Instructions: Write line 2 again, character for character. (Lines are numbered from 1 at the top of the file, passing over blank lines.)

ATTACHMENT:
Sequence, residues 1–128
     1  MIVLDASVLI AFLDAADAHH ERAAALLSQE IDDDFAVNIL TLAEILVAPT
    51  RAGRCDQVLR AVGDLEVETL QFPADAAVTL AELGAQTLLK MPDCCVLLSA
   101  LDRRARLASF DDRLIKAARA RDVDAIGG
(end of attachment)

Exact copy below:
     1  MIVLDASVLI AFLDAADAHH ERAAALLSQE IDDDFAVNIL TLAEILVAPT